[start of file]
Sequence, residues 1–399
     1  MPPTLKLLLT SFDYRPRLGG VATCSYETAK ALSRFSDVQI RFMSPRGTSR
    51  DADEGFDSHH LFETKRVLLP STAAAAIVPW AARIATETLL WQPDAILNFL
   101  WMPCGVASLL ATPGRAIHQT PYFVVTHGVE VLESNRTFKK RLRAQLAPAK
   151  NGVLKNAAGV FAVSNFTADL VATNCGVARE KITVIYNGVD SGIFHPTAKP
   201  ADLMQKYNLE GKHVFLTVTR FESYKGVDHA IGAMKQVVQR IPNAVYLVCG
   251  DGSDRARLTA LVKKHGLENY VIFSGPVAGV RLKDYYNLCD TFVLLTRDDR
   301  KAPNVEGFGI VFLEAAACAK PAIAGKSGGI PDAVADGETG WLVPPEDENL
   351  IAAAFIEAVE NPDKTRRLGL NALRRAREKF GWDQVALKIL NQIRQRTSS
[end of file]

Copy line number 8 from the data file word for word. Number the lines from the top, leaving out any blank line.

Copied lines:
   301  KAPNVEGFGI VFLEAAACAK PAIAGKSGGI PDAVADGETG WLVPPEDENL